We know this isn't what you wanted to hear, but as a former code enforcement official, I can tell you that from the city's perspective, a case against your neighbor isn't winnable at this time. A more fruitful approach may be trying to rebuild rapport with your neighbor so that you can suggest squirrel feeders up high that don't attract rats. Unfortunately squirrels and rats tend to like the same foods, so it's important to make food inaccessible to rats.


strong mayor
by: Anonymous

What if your city Mayor is not enforcing laws or ordinances? The Mayor tells the officers not to enforce these on/off. What if a Mayor and their office do not return phone calls or emails?
This is a city with a Strong Mayor-council form of government. What can be done?

Editors Reply: Whether a strong mayor or weak mayor, your best recourse in this case is to work to elect a different mayor. (For other folks, "strong mayor" refers to the amount of power give to the mayor as compared to the city council.) Mayors and councils have no business telling staff members not to enforce laws. Work to build resolve on the part of the council to stand up for the laws passed by previous councils in public statements. While the council may be weak in comparison to the mayor in legal powers, the council will be able to command a certain amount of attention from the media and voters. Organize a group to support code enforcement of all types; if the codes are considered inappropriate today, the correct course of action is to repeal them. Otherwise, local laws need to be enforced.

In terms of failure to answer and respond to phone calls and emails, that too should be publicized in any way possible. If you don't have a social media account and a following, someone who agrees with you will have access to those things. Work to make it known that the mayor does not reply. Again, if you have an organization, this makes the social media statements appear stronger.

A Government Agency is Immune
by: Anonymous

IC 34-13-3-3. Immunity of governmental entity or employee
IC 34-13-3-3 Immunity of governmental entity or employee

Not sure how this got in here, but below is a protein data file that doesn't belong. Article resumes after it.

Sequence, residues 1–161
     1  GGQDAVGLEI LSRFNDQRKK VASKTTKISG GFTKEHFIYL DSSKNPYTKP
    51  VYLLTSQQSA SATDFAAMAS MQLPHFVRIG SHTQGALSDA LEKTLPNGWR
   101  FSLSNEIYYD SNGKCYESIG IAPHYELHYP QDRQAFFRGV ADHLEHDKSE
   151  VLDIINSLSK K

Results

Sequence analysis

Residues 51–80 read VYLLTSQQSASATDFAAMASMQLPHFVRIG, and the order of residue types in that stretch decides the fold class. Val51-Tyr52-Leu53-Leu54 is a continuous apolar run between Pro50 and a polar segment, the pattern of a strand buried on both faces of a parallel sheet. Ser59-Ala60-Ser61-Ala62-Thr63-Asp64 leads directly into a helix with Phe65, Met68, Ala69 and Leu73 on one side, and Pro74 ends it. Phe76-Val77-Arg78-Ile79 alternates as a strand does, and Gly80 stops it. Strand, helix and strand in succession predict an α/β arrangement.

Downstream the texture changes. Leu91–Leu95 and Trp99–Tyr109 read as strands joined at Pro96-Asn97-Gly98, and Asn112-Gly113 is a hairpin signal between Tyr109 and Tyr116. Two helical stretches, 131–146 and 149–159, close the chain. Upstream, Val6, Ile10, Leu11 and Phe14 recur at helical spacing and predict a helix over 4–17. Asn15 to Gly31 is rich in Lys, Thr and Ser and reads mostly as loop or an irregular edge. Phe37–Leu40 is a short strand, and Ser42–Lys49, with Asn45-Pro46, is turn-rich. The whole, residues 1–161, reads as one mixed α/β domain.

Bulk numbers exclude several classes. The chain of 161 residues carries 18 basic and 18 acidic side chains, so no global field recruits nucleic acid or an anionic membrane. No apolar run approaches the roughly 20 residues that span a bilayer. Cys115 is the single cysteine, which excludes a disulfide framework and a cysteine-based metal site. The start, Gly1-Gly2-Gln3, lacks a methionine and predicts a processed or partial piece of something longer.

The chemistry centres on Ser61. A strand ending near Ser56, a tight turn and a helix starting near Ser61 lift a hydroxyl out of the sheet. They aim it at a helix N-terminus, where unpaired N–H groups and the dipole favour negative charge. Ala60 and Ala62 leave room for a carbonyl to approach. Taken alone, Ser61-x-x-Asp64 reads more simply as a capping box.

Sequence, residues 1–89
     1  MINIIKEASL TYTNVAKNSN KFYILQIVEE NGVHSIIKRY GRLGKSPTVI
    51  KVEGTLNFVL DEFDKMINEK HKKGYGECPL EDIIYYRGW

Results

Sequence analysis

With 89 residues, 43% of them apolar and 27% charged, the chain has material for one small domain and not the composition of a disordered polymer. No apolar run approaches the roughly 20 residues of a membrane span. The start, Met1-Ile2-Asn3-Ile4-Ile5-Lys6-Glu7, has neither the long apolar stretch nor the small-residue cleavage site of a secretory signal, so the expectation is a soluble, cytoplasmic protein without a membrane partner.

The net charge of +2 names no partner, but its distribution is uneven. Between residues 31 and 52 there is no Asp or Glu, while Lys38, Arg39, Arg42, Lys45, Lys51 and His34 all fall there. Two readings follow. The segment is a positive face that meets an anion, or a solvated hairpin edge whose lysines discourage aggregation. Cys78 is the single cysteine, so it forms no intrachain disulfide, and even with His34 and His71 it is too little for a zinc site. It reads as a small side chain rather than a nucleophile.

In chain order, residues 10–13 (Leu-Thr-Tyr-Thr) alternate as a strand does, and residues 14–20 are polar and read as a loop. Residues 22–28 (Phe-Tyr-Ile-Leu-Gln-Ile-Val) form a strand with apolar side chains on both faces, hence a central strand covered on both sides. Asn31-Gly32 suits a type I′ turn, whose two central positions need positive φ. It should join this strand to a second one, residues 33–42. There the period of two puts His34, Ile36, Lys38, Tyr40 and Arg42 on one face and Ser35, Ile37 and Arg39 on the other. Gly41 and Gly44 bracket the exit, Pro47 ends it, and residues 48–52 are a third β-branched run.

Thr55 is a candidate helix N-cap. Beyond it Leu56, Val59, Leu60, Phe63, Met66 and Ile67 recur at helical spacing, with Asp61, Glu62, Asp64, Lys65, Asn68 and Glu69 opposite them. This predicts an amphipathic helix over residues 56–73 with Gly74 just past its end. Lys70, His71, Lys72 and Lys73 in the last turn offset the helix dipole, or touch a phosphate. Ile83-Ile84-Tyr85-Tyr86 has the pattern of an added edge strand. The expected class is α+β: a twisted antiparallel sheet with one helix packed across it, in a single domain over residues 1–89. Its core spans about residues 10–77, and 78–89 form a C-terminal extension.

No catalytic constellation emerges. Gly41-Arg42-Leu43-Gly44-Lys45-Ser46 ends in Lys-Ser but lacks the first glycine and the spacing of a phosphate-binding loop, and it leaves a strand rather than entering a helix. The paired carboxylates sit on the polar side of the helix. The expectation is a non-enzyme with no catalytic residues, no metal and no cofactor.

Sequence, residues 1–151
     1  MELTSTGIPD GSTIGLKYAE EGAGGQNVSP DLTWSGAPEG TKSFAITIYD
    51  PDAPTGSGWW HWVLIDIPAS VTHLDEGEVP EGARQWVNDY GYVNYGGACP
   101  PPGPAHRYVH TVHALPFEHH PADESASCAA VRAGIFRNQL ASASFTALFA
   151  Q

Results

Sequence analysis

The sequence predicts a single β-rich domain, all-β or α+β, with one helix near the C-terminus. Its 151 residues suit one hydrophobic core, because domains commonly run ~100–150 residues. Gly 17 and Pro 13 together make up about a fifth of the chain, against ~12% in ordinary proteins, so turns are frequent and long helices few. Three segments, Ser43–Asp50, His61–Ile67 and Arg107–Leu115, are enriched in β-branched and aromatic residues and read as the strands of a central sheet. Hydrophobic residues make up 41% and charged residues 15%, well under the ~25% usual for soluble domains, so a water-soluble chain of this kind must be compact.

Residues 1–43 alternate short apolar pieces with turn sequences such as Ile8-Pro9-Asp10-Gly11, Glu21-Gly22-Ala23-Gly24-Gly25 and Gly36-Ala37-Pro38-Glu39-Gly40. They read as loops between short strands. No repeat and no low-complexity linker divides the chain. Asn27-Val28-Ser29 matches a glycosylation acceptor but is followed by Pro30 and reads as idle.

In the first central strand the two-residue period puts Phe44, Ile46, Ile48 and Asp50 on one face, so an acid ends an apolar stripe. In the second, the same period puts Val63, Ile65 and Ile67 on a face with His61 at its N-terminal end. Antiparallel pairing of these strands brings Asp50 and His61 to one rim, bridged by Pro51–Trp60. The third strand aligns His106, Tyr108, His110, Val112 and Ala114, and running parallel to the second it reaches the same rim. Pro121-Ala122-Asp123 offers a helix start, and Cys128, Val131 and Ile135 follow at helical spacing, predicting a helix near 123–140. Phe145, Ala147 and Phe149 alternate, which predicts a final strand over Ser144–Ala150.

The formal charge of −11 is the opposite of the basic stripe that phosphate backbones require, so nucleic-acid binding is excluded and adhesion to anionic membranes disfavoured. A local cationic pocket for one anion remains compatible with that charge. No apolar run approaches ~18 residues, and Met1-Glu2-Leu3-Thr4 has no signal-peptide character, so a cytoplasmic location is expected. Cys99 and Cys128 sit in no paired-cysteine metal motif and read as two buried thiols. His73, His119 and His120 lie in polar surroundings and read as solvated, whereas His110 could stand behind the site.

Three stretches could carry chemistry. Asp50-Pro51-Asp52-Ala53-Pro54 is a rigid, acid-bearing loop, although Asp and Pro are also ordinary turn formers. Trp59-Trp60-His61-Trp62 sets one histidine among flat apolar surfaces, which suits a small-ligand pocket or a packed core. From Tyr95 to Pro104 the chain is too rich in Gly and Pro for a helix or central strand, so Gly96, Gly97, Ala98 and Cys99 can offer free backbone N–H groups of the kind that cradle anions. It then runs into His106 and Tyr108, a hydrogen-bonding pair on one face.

Sec. 3. A governmental entity or an employee acting within the scope of the employee's employment is not liable if a loss results from the following:
(8) The adoption and enforcement of or failure to adopt or enforce:
(A) a law (including rules and regulations); or
(B) in the case of a public school or charter school, a policy;

Editors Comment: Yes, your quote reinforces what we often say. Code enforcement officers don't have liability for failure to enforce laws.

Blighted properties in Jasonville, Indiana
by: Anonymous

I agree that persistence usually prevails when you are trying to solve a community problem. However, I have been addressing this problem with the City Council and the previous mayor for about ten years now to no avail.

You mentioned code enforcement but Greene County, Indiana has no code enforcement officers. It is up to the County Commissioners to address issues in the unincorporated areas of the county and to the city and town officials in the incorporated areas.

Some of the towns like Worthington are willing to address safety issues but the City Clerk in Jasonville just tells the council members and the mayor that there is no room in the city budget for anything other than operating expenses.

Ironically, the City of Jasonville has the second highest tax rate in the county. The reason is because Assessed Values of real property are so low due to the condition of the neighborhoods. There is only one other property in my addition that is maintained at all. The rest are severely neglected and uninhabitable including several with gaping holes in their roofs.

This problem is not going to be resolved until something catastrophic happens. Several years ago, a limb from a dead tree on city property fell on my truck destroying my camper shell. My insurance company reimbursed me for my damages but the insurance company declined to subrogated their claim to attempt to recover their loss from the city because I didn't have proof (letters or audio recordings) of my notices to the city that their tree presented a hazard to my property. What a travesty of justice!

Blighted properties in Jasonville, Indiana
by: Anonymous

Thank you for your suggestions. Unfortunately, a media blitz is not practical in this semi-rural area because the media is also beholden to the local politicians who are the root cause of the problem. In fact, I met in the newspaper office with the local newspaper editor and the County Commissioner who created part of the problem. The County Commissioner told the newspaper editor in front of me that he would tell her what she could write about the problem!